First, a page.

Philadelphia’s US Mint Shows You The Money

by Gina Martin on July 2, 2012

in Arts and Culture, Enrichment Ideas, Travel Ideas

On a recent road trip to Philadelphia with my family, I attended a behind-the-scenes sneak peek tour of the US Mint, the largest coin manufacturer in the world. The re-designed public tour, which is free, opens July 3, 2012. I was able to also go right down on the factory floor to get an up-close-and-personal look at every stage of the design and manufacturing process at this very historic and important part of our country’s economy. Security is tight, and the public tour does not allow photography, but luckily I had permission to take lots of pictures for you to see here!

911 Memorial Medallion and Dies from the US Mint in Philadelphia PA

Newly Stamped Blanks at US Mint in Philadelphia PA

Philadelphia US Mint Coins Stamped

This US Mint location makes coins, and is the headquarters of the Mint artists who design all of the other items the Mint offers such as commemorative coins, special collector’s edition coins, and medals.

Philadelphia US Mint 911 Commemorative Collectible Medallion with Dies

All of the artists are accomplished sculptors, with strong backgrounds in the fine arts. The technology used to design and refine the concepts for the coins is state-of-the-art, and much of the modeling is done on computer.

Philadelphia Mint Artist Designing New Commemorative Medal

Old-school techniques are still relevant though, as seen in these clay models used to make plaster molds for the high tech CNC (Computer Numerical Control) machines that will carve out a master hub with the coin’s design. The plaster model is large, allowing for lots of detail to be worked on in super size form, and the CNC machine then shrinks the design down to the scale that the die will require.

Philadelphia Mint Clay Model for New Coin

Philadelphia Mint Plaster Model for New Coin

Precision and detail are paramount when the hub is being carved. The master hub is used to make the dies that stamp out each coin. Any flaw, no matter how small, is not acceptable, and each stage is carefully checked and re-checked to make sure everything is perfect.

Philadelphia Mint Laser Die Cutter

Philadelphia Mint Master Hub

It’s impressive to see how much of this process is still done by hand, by real humans, even though the high tech machines have a large part as well.

Philadelphia Mint Workers Polish Dies to Perfection

The U.S. Mint uses giant coils of strips of metal about 13 inches wide and 1,500 feet in length to manufacture the nickel, dime, quarter, half-dollar, and dollar. The coils weigh approximately 6,000 pounds each!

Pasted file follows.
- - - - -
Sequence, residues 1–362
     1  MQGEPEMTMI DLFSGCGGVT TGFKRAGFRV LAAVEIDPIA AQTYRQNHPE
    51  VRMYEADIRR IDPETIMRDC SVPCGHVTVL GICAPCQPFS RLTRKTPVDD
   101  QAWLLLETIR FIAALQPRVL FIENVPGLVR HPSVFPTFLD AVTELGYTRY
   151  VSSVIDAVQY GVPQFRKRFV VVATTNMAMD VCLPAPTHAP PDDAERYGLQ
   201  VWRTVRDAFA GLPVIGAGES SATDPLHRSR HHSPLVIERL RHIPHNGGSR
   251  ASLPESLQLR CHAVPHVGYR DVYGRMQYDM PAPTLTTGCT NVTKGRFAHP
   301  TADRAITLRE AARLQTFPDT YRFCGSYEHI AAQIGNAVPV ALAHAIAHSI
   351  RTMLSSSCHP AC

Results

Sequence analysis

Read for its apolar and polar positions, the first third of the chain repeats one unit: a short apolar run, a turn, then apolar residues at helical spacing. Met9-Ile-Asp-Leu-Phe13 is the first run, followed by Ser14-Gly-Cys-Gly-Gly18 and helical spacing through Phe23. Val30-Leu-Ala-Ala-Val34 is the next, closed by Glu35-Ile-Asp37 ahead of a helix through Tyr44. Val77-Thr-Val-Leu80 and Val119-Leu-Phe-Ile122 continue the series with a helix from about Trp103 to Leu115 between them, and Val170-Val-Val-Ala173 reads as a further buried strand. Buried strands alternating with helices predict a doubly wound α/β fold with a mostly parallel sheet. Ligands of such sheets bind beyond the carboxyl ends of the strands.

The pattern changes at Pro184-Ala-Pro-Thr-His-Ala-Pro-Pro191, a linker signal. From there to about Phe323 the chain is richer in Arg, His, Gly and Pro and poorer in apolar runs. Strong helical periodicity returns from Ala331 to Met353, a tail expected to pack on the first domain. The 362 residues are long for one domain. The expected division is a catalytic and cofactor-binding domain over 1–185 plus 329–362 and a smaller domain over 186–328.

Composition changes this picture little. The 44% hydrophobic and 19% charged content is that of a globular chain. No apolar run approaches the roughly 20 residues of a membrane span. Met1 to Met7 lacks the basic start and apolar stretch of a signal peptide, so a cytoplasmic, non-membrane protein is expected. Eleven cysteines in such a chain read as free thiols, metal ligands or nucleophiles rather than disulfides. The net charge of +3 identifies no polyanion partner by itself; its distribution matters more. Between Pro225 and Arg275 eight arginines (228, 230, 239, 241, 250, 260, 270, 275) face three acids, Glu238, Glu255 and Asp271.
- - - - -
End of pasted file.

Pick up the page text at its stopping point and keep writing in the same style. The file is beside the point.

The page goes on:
Metal Blank Coil for Coin Stamping at US Mint in Philadelphia PA

Philadelphia Mint Blank Metal Coils

Each coil is fed through a blanking press which punches out round discs called blanks.

Philadelphia Mint - Loading Coil on Blank Punch

Philadelphia Mint Blank Machine - Slowly Raising Coil to Load Metal Strip

Philadelphia Mint Metal Blank Coil Upright and Loaded in Blank Punch

The leftovers after the blanks are stamped are recycled, and turned into more giant coils of blank metal to make new coins in a continual cycle. (For pennies, the Mint buys blanks ready made from fabricators they supply with copper and zinc.)

Philadelphia Mint Leftover Scraps from Blank Stamping to be Melted Down and Recycled

After annealing (to soften the metal) and a nice bath to remove the heat scale and discoloration, perfect blanks go through a mill to add a rim to their outside edges. Imperfect ones are recycled, like the scrap from the blanking process.

Philadelphia Mint Huge Bins of Blanks for Quarters

Philadelphia Mint Dollar Coin Blanks

At the coining press coins are stamped with the dies that were created from the master hubs. After inspection, if they have no imperfections, the coins become legal United States tender.

Philadelphia Mint Stamping Machine Finished Coins

Finally, the coins are counted and bagged. Pennies aren’t even counted piece by piece, they are put in the large bags and weighed on a giant scale. After all the bagging, counting and weighing is done, the coins are loaded onto trucks and sent out to various Federal Reserve Banks, and eventually end up in your pocket.

Philadelphia Mint Giant Bag of Pennies Needs a Forklift!